Cardinals’ Farm System Stages Massive Turnaround After Historically Poor 2021
After the end of last season, Cardinals president of baseball operations John Mozeliak met with farm director Gary LaRocque to discuss the state of the team’s farm system.
Cardinals full-season affiliates combined for a .394 winning percentage in 2021, the fifth-lowest winning percentage in the modern era of the minor leagues, which dates back to 1963. They were outscored by 708 runs, the worst run differential in the minors by a wide margin.
Some of the Cardinals’ top prospects, such as third baseman Jordan Walker and second baseman Nolan Gorman, performed well. But many others, like lefthanders Matthew Liberatore and Zack Thompson, catcher Ivan Herrera and shortstop Masyn Winn, struggled through uneven or downright poor seasons, contributing to the system’s historically awful showing.
Upon reflection, Mozeliak and LaRocque diagnosed the root of the problem. They determined that following the canceled 2020 minor league season, the Cardinals were too aggressive in pushing their prospects to higher levels when play resumed in 2021. In order to get back to the organization’s standard excellence in player development, they were going to have to slow things down.
“Coming out of 2020, we basically didn’t want to hold anybody back,” Mozeliak said. “We almost pretended that 2020 happened and we placed players where we thought they would have been. And in 2021, not having a year of play under their belts, I think a lot of them might have been rushed, if you will, or pushed a little too fast.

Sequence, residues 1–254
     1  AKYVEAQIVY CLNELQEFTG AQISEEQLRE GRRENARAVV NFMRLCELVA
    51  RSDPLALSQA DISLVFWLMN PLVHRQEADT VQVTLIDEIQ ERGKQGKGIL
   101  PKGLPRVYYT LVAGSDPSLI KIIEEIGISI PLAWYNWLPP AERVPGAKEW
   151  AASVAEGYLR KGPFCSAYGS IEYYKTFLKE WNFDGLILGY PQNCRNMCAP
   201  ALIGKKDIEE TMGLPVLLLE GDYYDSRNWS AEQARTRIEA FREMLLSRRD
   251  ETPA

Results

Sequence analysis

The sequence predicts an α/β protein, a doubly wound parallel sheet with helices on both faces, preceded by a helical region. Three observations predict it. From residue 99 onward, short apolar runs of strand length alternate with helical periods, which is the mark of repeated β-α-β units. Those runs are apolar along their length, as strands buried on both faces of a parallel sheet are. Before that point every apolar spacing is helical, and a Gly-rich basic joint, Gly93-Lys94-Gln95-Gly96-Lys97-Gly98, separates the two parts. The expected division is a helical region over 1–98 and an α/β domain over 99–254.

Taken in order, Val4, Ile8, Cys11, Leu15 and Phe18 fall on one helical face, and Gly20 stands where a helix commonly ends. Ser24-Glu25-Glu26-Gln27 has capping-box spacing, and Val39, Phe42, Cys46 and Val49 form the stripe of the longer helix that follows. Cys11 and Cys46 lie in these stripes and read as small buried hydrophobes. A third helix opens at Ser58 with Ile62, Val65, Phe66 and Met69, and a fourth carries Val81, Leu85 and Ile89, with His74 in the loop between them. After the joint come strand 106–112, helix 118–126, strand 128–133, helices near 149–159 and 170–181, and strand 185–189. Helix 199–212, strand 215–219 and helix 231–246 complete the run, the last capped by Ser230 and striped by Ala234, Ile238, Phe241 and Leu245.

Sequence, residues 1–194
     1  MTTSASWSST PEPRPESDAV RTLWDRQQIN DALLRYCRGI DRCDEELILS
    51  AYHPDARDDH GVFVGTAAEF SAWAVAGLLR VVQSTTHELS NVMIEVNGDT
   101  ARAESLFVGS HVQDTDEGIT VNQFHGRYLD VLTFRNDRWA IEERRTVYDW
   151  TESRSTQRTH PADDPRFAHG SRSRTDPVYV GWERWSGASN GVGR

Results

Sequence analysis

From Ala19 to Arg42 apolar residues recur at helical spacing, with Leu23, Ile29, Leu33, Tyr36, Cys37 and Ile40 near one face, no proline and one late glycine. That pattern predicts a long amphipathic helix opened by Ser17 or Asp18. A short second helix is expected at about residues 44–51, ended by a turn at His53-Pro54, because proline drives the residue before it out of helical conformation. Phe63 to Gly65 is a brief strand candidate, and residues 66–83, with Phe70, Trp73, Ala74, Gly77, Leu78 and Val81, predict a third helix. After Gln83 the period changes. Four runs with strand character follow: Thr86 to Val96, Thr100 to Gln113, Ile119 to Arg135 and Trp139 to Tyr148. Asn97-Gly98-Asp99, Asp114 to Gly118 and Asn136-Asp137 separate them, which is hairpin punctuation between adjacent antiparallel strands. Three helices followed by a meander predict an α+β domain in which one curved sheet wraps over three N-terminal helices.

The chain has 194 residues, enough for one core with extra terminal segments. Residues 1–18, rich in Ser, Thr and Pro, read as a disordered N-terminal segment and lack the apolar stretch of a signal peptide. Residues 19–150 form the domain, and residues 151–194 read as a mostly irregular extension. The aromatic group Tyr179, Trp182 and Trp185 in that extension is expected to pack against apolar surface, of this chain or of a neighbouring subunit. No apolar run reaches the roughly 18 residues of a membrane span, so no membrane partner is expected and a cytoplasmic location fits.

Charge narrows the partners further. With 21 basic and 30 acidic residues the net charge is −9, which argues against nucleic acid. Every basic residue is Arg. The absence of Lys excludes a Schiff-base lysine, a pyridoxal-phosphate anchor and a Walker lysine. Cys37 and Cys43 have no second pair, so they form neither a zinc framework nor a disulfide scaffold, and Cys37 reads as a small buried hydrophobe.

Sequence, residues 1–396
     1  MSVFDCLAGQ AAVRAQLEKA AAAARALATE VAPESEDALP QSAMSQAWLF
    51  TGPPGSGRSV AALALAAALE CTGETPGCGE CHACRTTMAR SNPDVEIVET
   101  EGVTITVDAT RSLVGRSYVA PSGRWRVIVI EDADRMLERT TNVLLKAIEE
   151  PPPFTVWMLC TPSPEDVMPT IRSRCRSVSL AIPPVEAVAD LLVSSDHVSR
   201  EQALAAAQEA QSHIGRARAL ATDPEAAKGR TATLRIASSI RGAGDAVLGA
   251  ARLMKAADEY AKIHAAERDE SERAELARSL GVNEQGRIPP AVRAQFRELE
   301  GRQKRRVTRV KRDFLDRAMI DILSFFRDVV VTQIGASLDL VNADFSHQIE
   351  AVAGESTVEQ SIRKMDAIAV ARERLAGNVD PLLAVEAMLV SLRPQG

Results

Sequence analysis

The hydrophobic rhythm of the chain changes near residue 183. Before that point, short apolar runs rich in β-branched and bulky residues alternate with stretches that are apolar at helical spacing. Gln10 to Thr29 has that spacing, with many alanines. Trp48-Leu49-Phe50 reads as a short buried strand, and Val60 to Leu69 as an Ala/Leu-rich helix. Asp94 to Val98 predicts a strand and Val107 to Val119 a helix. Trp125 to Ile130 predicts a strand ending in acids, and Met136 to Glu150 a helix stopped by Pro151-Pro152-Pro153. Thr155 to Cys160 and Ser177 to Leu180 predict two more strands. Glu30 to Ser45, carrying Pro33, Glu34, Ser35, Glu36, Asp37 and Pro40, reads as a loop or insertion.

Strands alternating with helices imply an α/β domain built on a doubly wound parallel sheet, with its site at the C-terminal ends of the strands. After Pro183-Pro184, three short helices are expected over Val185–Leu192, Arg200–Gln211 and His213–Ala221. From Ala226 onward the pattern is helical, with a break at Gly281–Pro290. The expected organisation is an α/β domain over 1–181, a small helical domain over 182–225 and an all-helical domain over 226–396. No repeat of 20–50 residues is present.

“I think (the conclusion) was basically to pump the brakes a little bit on how aggressive we are. We are an organization that moves players rather quickly, and we were much more self-conscious of how to do that in 2022.”
Fueled by that change, the Cardinals have had one of the biggest turnarounds of any organization in the minor leagues in 2022. After having none of their affiliates post a winning season a year ago, all but one of their affiliates was either over or near a .500 record at midseason.
More importantly, the organization has returned to being a player development juggernaut.
The Cardinals have received enormous contributions from rookies this year en route to wild card contention in the National League.